Skip to Main Content

++

INTRODUCTION

++

budesonide (byoo-des-oh-nide)

Pulmicort Respules, Pulmicort Turbuhaler

Classification

Therapeutic: anti-inflammatories (steroidal)

Pharmacologic: corticosteroids

++
Indications
++

Nebulization—Maintenance treatment and prophylactic therapy of asthma. Oral inhalation—Chronic control of persistent bronchial asthma. May decrease requirement for or eliminate use of systemic corticosteroids over time in patients with asthma. Intranasal—Management of allergic rhinitis. Oral—Treatment and maintenance of remission of mild to moderate Crohn's disease.

++
Action
++

Potent, locally acting anti-inflammatory and immune modifier. Therapeutic Effects: Decreases frequency/severity of asthma attacks. Improves asthma symptoms.

++
Adverse Reactions/Side Effects
++

CNS: headache. Derm: rash. EENT: otitis media, dysphonia, epistaxis, oropharyngeal fungal infections, pharyngitis, rhinitis, sinusitis. Resp: bronchospasm, cough. GI: abdominal pain, diarrhea, dyspepsia, gastroenteritis, nausea, vomiting. Endo: adrenal suppression (high-dose, long-term therapy only), decreased growth (children), weight gain. MS: back pain. Misc: flu-like syndrome.

++

PHYSICAL THERAPY IMPLICATIONS

++
Examination and Evaluation
++

  • Assess pulmonary function periodically by measuring lung volumes, breath sounds, respiratory rate, and other symptoms (wheezing, dyspnea, shortness of breath) (See Appendices I, J, K). Report changes in pulmonary function to help document the effects of drug therapy in treating asthma.

  • Observe for paradoxical bronchospasm (cough, wheezing, dyspnea), especially at higher or excessive doses. If condition occurs, advise patient to withhold medication and notify physician immediately.

  • Assess muscle strength periodically during longterm use. Although inhalation reduces the risk of systemic musculoskeletal damage, some degree of weakness and bone loss may still occur during prolonged, extensive use.

  • Assess any back pain to rule out musculoskeletal pathology; that is, try to determine if pain is drug induced rather than caused by anatomic or biomechanical problems.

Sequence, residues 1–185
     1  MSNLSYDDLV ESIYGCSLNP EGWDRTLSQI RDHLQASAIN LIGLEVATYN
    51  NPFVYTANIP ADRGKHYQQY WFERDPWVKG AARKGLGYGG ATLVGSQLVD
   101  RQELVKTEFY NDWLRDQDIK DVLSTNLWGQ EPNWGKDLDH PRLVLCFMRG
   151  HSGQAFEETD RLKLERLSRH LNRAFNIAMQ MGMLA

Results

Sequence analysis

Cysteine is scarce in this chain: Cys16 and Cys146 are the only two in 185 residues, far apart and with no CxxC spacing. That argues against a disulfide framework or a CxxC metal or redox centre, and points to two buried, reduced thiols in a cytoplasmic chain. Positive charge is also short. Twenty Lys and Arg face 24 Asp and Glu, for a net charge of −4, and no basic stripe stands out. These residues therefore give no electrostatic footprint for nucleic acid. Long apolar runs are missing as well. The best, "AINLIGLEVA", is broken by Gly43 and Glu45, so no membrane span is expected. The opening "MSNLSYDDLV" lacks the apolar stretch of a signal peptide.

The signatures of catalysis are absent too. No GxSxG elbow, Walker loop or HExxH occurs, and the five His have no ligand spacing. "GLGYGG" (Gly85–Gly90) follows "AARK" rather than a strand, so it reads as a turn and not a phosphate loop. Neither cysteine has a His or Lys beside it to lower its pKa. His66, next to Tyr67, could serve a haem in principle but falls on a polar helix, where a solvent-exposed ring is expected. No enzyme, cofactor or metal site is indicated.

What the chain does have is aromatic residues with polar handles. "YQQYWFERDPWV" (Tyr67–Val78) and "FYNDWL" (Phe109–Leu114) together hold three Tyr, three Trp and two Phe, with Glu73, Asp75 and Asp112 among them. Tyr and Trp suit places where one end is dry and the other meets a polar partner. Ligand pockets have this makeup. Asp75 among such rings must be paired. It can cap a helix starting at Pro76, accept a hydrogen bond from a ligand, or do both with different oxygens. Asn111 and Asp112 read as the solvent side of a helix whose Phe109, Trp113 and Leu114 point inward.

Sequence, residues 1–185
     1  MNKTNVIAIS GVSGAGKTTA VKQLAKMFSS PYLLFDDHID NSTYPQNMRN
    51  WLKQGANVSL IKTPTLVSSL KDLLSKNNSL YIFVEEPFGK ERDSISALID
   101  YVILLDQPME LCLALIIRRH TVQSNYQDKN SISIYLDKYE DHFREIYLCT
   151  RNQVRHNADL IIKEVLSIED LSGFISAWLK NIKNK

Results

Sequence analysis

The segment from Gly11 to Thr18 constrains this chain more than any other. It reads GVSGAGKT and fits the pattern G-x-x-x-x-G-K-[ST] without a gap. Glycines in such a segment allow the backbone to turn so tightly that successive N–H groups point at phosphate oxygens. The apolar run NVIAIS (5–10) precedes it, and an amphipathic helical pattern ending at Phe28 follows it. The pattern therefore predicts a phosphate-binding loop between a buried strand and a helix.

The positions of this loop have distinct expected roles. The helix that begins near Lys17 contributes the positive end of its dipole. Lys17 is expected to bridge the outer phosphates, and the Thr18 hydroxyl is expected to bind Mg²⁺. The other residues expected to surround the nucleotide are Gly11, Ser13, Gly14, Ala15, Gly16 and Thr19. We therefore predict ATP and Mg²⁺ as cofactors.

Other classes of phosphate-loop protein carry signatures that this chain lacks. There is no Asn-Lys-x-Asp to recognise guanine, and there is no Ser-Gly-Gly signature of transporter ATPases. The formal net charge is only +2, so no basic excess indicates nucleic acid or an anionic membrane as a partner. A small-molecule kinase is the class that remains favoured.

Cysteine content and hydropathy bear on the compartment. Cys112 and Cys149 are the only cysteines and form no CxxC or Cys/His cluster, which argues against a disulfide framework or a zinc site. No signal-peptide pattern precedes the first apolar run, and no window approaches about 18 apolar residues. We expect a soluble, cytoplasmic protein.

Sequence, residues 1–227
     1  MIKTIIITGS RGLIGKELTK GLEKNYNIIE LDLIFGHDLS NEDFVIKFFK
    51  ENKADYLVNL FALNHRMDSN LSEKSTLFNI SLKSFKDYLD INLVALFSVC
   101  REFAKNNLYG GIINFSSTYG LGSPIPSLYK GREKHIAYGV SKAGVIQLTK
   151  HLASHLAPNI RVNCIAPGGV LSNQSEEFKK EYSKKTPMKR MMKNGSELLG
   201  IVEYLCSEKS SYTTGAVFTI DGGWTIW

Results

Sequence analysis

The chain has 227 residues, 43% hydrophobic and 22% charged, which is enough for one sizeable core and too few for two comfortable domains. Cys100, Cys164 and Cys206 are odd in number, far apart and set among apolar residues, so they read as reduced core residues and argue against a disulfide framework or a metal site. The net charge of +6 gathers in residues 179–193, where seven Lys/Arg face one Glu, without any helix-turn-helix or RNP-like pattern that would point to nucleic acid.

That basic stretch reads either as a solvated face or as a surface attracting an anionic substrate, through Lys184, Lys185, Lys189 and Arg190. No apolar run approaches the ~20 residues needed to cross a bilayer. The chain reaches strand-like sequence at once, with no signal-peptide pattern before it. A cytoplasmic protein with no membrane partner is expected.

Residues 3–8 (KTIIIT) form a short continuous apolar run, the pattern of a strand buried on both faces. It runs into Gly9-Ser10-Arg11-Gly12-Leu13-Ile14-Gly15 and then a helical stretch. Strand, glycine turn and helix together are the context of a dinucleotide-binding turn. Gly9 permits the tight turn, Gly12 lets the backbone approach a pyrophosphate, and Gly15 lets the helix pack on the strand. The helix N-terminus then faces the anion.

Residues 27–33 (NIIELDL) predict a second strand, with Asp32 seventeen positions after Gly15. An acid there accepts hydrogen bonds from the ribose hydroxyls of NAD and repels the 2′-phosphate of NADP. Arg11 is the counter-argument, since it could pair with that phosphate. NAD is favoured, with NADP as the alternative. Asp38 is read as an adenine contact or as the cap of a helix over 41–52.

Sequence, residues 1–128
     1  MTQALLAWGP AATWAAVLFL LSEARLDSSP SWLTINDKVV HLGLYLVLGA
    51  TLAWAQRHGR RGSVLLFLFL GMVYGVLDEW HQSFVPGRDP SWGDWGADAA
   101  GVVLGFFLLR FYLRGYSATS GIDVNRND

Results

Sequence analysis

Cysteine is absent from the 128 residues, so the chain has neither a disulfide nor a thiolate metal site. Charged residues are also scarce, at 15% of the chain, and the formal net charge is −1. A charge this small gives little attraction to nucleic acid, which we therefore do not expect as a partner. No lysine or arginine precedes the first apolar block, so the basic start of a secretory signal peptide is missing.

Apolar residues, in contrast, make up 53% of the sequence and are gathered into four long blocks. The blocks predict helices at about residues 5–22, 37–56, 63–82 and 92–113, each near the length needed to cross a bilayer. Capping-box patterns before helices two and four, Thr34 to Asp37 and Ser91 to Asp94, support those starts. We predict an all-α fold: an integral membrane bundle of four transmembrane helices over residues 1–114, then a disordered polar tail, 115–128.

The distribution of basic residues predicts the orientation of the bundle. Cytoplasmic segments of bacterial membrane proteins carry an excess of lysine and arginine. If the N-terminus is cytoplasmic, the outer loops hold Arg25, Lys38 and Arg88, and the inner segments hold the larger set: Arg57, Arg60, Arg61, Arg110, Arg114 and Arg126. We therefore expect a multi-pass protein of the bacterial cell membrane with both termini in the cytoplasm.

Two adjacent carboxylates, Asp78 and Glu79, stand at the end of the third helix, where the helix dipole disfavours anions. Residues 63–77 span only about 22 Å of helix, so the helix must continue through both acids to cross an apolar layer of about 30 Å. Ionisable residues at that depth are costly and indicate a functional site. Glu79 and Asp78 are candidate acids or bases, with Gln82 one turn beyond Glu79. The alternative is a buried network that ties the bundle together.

• Report signs of adrenal suppression, including hypotension, weight loss, weakness, nausea, vomiting, anorexia, lethargy, confusion, and restlessness.

  • Assess growth rate in children receiving chronic therapy; report delayed or stunted growth to the physician.

  • If treating inflammatory bowel diseases, monitor any changes in symptoms (decreased abdominal pain, decreased diarrhea, improved appetite) to help document whether drug therapy is successful.

++
Interventions
++

  • Implement resistive exercises and weight-bearing activities to minimize muscle wasting and osteoporosis. Use caution to prevent musculoskeletal damage in patients with preexisting muscle and bone loss.

  • Design and implement appropriate aerobic exercise and respiratory muscle training programs to maintain optimal cardiovascular and pulmonary function. Work with patient and family/caregivers to find forms of exercise (e.g., swimming) that can help improve respiratory function without triggering asthma attacks.

++
Patient/Client-Related Instruction
++

  • Counsel patient on proper use of inhalation techniques (nebulizer, powder inhalers, nasal sprays); observe administration whenever possible to ensure proper technique.

  • Advise patient to not exceed the recommended dose or frequency of inhalations. Contact physician immediately if bronchospasm is not relieved by medication or is accompanied by severe headache or other symptoms.

  • Caution patient not to use ...

Pop-up div Successfully Displayed

This div only appears when the trigger link is hovered over. Otherwise it is hidden from view.